If you have never experienced the joy of
accomplishing more than you can imagine,
plant a garden.
– Robert Brault
So true. Isn’t it sheer joy to watch a tree grow from a tiny seed? Isn’t it anything less than a miracle? Gardening connects us with nature and soothes our mind. It gives us a sense of accomplishment. It is greatly satisfying to see the first tomato on our plant, the first rose on our plant, to see the spinach growing from seeds.
When you want to start your kitchen garden, starting with simple plants like mint is a good option. Mint is one of the easiest herbs to grow. Today I will share how I grew my mint plant. I had bought mint from my local vegetable vendor and planted 3 to 4 stems directly in the pot with potting soil. Within a month’s time, I had good growth of mint in my terrace garden.
Step by step procedure is given below:
- Take few mint stems preferably having thick stems.
- Remove the mint leaves from the stem, leaving around 3 to 4 leaves intact on the upper part of the stem. You can use the leaves that you have removed in your salad or tea.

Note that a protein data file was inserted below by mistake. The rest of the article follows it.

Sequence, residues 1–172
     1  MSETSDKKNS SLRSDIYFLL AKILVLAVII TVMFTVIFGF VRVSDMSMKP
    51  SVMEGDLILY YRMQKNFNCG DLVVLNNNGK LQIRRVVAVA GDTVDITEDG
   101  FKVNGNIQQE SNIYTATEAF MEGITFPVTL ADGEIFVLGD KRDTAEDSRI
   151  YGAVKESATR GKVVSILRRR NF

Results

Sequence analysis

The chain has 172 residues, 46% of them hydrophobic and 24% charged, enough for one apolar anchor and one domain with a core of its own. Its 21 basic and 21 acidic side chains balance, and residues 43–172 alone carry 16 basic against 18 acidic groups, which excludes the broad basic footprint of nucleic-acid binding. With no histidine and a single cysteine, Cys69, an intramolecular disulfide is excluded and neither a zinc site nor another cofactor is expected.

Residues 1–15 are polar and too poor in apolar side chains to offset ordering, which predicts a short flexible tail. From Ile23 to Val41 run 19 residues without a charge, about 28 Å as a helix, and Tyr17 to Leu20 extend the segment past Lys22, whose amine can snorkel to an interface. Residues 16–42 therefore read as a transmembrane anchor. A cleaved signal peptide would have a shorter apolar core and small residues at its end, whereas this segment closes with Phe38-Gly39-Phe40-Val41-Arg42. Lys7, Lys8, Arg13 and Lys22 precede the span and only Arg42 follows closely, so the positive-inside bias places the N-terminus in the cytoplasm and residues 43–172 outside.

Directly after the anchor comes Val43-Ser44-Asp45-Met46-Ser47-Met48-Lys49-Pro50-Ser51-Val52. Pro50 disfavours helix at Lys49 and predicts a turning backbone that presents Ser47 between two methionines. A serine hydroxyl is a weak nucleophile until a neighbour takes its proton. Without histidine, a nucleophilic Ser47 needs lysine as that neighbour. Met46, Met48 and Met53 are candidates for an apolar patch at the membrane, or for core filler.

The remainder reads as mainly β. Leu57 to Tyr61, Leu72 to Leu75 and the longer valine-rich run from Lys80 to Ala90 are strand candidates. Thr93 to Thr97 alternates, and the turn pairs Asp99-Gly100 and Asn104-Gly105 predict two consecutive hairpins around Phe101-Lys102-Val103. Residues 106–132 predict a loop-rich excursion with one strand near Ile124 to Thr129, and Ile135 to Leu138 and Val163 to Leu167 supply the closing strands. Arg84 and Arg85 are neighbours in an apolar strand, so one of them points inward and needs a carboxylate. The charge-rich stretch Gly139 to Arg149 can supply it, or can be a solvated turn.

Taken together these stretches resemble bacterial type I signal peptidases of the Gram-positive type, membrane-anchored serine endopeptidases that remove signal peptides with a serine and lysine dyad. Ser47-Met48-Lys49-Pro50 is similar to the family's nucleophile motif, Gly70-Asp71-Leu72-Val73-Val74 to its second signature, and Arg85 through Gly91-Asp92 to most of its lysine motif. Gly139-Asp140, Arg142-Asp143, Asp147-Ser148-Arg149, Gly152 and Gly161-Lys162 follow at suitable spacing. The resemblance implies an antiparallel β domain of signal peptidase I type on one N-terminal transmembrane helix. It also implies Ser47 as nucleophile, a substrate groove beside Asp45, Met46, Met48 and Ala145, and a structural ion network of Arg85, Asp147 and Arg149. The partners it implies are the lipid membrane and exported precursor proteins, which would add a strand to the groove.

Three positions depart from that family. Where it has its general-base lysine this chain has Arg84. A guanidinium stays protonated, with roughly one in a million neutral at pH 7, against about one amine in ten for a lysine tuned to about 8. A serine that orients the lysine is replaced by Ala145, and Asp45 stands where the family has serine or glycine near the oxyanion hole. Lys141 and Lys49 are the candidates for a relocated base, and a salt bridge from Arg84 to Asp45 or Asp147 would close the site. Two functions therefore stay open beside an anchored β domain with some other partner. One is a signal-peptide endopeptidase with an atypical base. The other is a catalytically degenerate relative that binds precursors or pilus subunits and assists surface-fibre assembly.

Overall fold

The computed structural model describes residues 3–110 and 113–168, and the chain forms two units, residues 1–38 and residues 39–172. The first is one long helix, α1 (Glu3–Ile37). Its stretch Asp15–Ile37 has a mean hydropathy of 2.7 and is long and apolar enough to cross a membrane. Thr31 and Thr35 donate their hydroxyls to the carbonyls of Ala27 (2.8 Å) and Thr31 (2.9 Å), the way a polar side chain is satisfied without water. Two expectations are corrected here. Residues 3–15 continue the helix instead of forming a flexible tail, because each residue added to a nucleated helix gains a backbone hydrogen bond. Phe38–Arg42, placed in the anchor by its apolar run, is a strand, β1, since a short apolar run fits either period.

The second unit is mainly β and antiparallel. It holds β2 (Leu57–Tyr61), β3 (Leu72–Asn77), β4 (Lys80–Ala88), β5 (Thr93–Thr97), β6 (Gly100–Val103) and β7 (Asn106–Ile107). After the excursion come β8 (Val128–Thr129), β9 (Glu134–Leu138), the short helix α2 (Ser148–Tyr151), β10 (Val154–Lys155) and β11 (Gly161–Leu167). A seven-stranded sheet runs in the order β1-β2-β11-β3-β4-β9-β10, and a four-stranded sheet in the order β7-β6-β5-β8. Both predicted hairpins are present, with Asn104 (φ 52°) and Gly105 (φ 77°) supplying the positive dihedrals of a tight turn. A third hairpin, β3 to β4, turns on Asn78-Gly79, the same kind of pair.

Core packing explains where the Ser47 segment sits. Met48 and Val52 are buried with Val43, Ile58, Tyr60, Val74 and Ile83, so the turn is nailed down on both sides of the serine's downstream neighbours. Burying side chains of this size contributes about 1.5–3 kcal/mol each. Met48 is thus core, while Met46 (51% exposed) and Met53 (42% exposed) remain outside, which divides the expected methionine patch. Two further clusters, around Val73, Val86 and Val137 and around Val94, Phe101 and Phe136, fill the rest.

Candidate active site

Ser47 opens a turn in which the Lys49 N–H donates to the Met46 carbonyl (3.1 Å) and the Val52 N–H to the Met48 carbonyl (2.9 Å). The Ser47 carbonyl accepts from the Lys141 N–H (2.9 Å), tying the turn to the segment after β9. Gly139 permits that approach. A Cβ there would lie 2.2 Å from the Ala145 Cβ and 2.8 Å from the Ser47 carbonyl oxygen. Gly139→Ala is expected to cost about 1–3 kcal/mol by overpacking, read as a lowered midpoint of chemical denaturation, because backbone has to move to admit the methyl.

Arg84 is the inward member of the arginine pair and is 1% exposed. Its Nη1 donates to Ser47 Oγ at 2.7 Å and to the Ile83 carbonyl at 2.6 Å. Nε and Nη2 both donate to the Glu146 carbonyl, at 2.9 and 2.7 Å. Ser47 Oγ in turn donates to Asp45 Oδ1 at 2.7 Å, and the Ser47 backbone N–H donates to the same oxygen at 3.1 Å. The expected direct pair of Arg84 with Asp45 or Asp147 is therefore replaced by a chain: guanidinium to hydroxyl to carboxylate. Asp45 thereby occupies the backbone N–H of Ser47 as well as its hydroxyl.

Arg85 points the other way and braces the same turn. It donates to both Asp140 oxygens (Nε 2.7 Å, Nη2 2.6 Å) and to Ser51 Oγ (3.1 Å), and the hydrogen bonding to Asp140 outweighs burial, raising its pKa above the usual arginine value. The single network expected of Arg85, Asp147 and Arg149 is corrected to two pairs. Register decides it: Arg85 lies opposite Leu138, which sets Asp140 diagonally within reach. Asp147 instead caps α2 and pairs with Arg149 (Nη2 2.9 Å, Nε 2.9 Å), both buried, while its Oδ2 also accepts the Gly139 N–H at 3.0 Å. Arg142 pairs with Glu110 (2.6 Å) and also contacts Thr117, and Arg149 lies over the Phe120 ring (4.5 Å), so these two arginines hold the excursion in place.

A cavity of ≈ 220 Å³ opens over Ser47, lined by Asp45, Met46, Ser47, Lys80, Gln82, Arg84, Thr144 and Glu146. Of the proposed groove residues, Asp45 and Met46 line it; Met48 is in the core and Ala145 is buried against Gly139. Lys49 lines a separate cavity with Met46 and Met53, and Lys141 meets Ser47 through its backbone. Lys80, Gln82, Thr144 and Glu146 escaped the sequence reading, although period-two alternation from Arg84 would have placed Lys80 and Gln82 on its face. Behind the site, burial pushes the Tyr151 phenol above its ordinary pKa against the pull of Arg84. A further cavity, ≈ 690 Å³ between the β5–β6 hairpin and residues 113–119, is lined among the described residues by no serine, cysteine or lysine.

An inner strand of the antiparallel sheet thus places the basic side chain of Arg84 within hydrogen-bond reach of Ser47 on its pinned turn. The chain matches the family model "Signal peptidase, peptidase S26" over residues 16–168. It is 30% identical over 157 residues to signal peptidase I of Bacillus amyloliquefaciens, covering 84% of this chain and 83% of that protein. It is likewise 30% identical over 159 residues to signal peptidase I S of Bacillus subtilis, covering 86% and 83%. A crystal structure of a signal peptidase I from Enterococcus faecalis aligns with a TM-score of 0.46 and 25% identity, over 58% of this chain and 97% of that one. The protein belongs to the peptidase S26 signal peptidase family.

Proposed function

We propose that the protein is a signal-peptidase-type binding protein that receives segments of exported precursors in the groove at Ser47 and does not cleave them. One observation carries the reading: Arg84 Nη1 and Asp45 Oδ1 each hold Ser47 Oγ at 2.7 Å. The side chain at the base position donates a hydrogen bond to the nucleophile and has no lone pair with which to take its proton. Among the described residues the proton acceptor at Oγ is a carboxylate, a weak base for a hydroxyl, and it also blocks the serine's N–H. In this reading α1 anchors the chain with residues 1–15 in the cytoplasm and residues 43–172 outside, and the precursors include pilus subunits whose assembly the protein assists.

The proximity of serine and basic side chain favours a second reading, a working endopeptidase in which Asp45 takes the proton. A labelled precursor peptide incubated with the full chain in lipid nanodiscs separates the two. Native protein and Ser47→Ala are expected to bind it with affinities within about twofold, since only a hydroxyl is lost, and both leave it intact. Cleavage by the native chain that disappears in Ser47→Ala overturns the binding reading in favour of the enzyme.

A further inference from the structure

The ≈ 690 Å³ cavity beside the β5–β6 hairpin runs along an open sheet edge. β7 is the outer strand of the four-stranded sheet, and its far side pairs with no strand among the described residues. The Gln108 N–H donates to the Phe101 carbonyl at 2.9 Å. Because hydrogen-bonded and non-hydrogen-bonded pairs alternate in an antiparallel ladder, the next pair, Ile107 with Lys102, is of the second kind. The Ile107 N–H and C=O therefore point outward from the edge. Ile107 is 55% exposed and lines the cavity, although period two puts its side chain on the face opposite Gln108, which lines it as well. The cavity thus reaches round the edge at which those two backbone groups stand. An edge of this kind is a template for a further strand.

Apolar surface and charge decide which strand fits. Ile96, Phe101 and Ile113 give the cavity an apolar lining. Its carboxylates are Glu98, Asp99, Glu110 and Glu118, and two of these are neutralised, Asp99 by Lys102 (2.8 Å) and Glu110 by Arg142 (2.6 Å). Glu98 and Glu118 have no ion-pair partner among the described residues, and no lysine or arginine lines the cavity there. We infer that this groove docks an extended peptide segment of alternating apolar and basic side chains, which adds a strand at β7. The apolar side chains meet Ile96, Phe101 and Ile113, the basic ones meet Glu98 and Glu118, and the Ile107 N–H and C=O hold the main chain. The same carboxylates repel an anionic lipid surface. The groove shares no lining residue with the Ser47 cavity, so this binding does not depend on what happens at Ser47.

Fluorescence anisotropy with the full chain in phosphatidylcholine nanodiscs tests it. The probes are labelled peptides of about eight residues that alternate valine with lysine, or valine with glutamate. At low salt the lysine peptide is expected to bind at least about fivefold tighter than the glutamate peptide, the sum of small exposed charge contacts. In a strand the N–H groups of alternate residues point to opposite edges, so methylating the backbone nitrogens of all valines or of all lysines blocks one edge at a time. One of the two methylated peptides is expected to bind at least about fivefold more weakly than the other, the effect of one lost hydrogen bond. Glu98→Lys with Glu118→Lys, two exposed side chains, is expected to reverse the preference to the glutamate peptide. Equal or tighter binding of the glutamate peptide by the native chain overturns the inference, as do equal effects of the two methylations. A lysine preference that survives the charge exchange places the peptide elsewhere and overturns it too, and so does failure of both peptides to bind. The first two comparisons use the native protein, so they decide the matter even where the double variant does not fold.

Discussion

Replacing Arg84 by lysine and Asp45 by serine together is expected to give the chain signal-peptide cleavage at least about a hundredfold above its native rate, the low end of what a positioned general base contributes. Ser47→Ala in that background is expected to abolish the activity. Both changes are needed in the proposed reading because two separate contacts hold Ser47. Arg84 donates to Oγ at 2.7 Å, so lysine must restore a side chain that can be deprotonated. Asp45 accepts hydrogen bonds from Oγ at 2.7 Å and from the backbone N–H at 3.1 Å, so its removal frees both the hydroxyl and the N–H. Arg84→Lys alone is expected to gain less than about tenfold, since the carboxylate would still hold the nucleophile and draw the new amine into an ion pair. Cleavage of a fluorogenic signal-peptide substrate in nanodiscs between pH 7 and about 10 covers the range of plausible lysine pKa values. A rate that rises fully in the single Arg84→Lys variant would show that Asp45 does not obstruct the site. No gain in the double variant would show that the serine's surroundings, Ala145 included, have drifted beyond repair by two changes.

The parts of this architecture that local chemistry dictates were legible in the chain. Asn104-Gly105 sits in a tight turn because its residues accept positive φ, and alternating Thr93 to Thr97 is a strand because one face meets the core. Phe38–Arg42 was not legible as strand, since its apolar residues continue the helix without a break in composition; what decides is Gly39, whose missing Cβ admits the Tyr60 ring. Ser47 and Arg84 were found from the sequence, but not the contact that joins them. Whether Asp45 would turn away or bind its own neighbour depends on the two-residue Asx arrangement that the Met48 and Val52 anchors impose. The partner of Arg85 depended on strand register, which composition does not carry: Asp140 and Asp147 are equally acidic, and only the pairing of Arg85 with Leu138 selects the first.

- Take a pot around 7 to 10 inches deep. Fill the pot with soil and compost in the ratio 2 : 1.
- Plant the mint stems around 3 to 4 inches deep into the soil.
- Do not keep the pot in direct sunlight for a few days.
- It is necessary to keep the soil moist till the time the stem grows roots and firms up in the soil. Do not allow the soil to dry.
- Keep watering the plant daily.
- After a few days, tiny leaves will start emerging on the stem.
- It can then be placed under direct sunlight, though a semi shaded area is also good enough for the growth of mint.
- In a month’s time, you will have thick growth of mint.
- You can harvest mint at any time. You can cut the top part of the mint as and when you need. The more mint you pick, the better the plant will grow.
So, growing mint is as simple as this. You can have unlimited supply of mint in your own backyard. Moreover, the joy that you derive from growing your own herbs/vegetables/plants at home is unmatched.
If you are interested in recipes using mint leaves, here they are. To read the recipes, click on the name of the dish below: